Stockists: Le Caveau, Kilkenny, lecaveau.ie; Green Man Wines, Terenure, greenmanwines.ie; and The Corkscrew, Chatham St., thecorkscrew.ie.

Gravner Bianco Breg 2009, IGT Venezia-Giulia: ripe, rich and spicy.
Gravner Bianco Breg 2009, IGT Venezia-Giulia: ripe, rich and spicy.

Gravner Bianco Breg 2009, IGT Venezia-Giulia, 15%, €75

Ripe, rich and spicy, with orange peel, dried apricots and figs. Long and quite luscious, although there is still plenty of acidity. Fascinating wine.

Stockists: Sheridan’s Cheesemongers, South Anne Street, Kells, Co Meath, Galway, sheridanscheesemongers.com; SIYPS.com; Ely 64, Glasthule, Ely64.com; and Green Man Wines, Terenure, greenmanwines.ie.

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Sherry good: Tis the season to give fortified wines a try

First published in The Irish Times, 22nd December, 2018.

It may be the cold weather or simply we associate them with the festive season, but retailers tell me that sales of fortified wines increase exponentially as Christmas nears. Fortified simply means the wine has been beefed up with a little more alcohol, although the Montilla-Moriles below achieved 17 per cent simply through evaporation over the years. This was originally done to stabilise the wines before they were shipped around the world.

Some fortified wines are sweet, but many are bone dry, and are better drunk alongside savoury foods, notably cheese, cold meats and nuts, but lots of other dishes too. They include some of the greatest wines of all.

Over the past few months, I have tasted some of the finest fortified wines that I have come across in years. The intensity, the range and depth of flavours of some have been quite amazing. I covered Port earlier this year, so today, sherry, its neighbour Montilla-Moriles, and Marsala.

Two supermarkets seem to be taking sherry seriously. Marks & Spencer has a very good range, including its excellent Very Rare Palo Cortado (€12 per half bottle), while Aldi has the very tasty Aldi Exquisite Collection Dry Amontillado Sherry for a bargain €7.99 for a 50cl bottle.

Elsewhere, Mitchell & Son has a mouth-watering display of half bottles of Lustau sherries, as well as a grown-up size bottle of la Ina Fino, one of the best-value wines in the country. Hats off to O’Briens which recently took delivery of a range of fortified wines from Montilla-Moriles, an area beside Jerez. The wines are spectacularly good. My favourite was probably the stunning Marqués de Poley Amontillado Viejísimo 1922 at €43.95 for a 50cl bottle but I have also sipped very happily away at the Oloroso below.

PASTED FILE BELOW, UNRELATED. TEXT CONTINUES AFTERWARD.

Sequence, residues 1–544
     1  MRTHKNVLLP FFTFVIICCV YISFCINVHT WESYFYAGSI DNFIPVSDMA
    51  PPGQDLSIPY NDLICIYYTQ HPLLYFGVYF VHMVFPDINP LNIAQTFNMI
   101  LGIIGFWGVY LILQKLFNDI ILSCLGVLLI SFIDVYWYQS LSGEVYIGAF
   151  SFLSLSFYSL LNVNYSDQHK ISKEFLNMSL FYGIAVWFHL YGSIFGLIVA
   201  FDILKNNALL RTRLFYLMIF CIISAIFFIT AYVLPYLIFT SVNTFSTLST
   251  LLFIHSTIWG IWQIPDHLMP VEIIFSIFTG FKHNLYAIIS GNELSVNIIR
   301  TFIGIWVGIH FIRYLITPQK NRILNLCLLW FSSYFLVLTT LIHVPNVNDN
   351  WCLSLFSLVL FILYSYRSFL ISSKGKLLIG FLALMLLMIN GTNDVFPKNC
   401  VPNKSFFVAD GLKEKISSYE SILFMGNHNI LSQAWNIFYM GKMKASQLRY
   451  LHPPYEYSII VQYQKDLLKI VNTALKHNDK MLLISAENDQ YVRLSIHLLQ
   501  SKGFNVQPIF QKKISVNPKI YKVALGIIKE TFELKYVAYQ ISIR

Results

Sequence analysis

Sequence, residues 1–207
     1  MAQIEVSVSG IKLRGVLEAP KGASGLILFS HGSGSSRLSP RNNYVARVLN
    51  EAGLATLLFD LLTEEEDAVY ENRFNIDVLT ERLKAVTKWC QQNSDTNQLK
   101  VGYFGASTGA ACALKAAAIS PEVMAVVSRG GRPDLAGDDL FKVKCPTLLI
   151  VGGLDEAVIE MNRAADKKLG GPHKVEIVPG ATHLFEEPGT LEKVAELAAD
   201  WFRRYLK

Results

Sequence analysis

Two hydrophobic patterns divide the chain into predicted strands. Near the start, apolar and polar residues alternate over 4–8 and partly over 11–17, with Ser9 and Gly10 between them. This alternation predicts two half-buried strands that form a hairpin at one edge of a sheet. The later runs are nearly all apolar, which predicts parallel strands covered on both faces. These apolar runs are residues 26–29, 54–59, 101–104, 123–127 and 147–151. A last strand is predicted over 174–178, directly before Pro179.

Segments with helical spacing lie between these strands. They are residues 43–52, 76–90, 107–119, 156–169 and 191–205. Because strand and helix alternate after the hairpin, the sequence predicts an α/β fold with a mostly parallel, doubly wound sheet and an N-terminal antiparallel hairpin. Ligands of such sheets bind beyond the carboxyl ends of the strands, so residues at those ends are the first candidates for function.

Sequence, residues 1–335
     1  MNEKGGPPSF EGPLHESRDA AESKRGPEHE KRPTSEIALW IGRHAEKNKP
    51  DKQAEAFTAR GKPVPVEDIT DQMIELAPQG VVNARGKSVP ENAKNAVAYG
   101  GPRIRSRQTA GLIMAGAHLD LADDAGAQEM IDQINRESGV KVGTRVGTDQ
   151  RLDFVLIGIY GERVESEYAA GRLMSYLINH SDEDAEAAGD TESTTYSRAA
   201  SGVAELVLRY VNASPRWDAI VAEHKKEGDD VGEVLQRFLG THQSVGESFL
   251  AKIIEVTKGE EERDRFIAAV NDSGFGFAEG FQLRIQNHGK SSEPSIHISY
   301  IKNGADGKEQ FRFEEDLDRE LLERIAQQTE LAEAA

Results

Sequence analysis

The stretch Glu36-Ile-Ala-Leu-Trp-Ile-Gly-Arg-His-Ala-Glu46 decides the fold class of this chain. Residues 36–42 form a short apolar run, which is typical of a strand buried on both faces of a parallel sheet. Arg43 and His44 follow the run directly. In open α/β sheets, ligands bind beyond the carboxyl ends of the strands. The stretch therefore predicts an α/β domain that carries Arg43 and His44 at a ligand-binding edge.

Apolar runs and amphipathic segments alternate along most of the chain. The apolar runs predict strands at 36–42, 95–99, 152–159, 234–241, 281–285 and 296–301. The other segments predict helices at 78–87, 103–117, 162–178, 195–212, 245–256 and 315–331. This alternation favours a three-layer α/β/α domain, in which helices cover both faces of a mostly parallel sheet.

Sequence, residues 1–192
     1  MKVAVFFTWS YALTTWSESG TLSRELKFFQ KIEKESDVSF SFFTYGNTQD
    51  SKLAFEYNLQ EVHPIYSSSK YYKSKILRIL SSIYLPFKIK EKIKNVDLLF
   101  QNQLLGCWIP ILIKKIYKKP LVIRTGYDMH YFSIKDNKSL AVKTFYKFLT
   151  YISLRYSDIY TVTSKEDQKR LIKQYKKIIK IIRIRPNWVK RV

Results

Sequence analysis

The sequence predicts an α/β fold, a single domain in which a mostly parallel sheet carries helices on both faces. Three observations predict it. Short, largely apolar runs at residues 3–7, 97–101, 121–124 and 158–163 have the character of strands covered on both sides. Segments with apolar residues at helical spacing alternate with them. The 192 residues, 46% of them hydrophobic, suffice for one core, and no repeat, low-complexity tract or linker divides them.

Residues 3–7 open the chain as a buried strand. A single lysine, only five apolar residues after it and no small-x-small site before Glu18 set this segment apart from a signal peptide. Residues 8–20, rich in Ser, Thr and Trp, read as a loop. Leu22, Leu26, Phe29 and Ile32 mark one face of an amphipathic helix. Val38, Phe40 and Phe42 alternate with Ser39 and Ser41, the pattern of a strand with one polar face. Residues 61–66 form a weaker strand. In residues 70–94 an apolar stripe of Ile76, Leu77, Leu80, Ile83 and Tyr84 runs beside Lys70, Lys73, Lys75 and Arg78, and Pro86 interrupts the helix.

Winemaker Ramiro Ibáñez gave one of the most fascinating talks and tastings of the year. Under the Cota 45 label, he produces a series of unfortified aged wine, as well as some very excellent sherries. The Fino Balbaina Alta below may seem expensive at €40, but it is one of the most delicious wines I have tasted all year. Anyone looking for the perfect Christmas gift for the sherry lover in your life should look no further.

I also tasted four excellent sherries from Barbadillo, including its fresh dry Manzanilla Pasada en Rama (€14 per half bottle) and three superb older wines – the Principe Amontillado, Cuco Oloroso, and Palo Cortado Obsipo Gascon (all €60 per half). All are available from Jus de Vine, Deveney’s, and O’Driscoll’s, Ballinlough.

Lastly New Zealand Wine will be holding its annual tasting on January 14th at the Radisson Blu Hotel, Dublin, 6:30pm-8:30pm. Tickets (€15) from iti.ms/2zSkTWI or contact Jean Smullen on jean@jeansmullen.com; tel (086) 816 8468.

 Lustau Dry Amontillado Los Arcos Sherry
18.5%, €13.50
Complex, tangy, bone dry wine with hazelnuts, toasted almonds, orange and old woody notes. Delicious served lightly chilled with mixed cheeses or the perfect adult stocking filler.
Stockists: Mitchell & Son, chq, Sandycove, and Avoca, Kilmacanogue and Dunboyne, mitchellandson.com; The Vintry, Dublin 6, vintry.ie; D-Six Wines, Dublin 6; peggykellys.ie; Bradley’s Off-licence, Cork, bradleysofflicence.ie; La Touche, Greystones, Latouchewines4u.ie.

Marqués de Poley Oloroso
17%, €19.95 for a 50cl bottle
Toffee and butterscotch mixed with toasted hazelnuts, walnuts and bitter orange. Fresh and lively with a dry finish. Wonderful wine. With cheese and walnuts.
Stockists: O’Briens, obrienswine.ie

Marsala Dolce, Vito Curatolo Arini, Italy
18%, €22.95
Light toffee and caramel, with dried fruits, figs, sultanas and raisins. Sweet but not sickly. A small glass, served chilled, with mince pies, Christmas cake, plum pudding or hard cheeses such as Parmesan or a nice sharp Pecorino.
Stockists: Redmonds, Ranelagh; Redmonds.ie; Searsons, Monkstown, searsons.com; Wineonline.ie; World Wide Wines, Waterford, worldwidewines.ie; 1601 Off-licence, Kinsale; The Corkscrew, Chatham St, thecorkscrew.ie.

Bodegas de la Riva, Fino Balbaina Alta
15%, €38.95
An utterly astonishing wine, deep in colour with fresh clean grilled almonds, intense savoury saline flavours that last for minutes after you have swallowed. Enjoy lightly chilled by itself or with some of the highest quality Iberico ham.
Stockists: Green Man Wines, Terenure, greenmanwines.ie; 64 Wine, Glasthule, 64wine.ie.

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12 great Christmas reds from your local wine shop

First published in The Irish Times online, 19th December 2018